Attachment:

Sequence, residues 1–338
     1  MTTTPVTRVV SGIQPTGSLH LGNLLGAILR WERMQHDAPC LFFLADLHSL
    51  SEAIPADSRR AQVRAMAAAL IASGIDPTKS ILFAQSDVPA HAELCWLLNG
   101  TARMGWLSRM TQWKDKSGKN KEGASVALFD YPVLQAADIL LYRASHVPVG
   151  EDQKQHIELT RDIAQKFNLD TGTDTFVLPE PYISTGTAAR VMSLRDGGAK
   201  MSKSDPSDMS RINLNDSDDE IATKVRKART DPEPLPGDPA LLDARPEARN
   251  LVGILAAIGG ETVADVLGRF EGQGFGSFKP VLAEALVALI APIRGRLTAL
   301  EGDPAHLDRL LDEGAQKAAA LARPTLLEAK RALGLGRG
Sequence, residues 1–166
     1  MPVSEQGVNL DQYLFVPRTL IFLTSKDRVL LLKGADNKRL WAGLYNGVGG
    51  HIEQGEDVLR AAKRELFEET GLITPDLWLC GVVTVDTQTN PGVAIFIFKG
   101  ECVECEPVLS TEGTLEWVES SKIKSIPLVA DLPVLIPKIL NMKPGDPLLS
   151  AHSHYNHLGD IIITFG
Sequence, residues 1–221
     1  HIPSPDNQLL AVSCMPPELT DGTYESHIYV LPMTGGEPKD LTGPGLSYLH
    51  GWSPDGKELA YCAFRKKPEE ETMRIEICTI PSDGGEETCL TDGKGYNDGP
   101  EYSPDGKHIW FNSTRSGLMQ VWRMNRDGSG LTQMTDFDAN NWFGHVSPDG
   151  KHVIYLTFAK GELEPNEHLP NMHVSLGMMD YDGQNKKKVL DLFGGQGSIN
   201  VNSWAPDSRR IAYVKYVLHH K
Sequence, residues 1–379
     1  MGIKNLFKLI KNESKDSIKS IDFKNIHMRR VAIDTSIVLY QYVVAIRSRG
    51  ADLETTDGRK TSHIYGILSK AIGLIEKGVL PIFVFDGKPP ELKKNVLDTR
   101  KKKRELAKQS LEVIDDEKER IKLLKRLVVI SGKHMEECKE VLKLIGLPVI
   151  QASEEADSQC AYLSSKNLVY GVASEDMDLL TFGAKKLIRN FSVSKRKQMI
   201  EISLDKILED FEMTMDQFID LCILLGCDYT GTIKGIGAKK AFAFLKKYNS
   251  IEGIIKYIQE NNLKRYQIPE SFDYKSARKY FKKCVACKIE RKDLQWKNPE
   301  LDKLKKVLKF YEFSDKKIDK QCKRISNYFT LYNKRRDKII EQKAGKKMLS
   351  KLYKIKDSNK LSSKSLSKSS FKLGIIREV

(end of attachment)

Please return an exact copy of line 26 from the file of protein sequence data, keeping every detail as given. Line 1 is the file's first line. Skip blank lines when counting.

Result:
   251  IEGIIKYIQE NNLKRYQIPE SFDYKSARKY FKKCVACKIE RKDLQWKNPE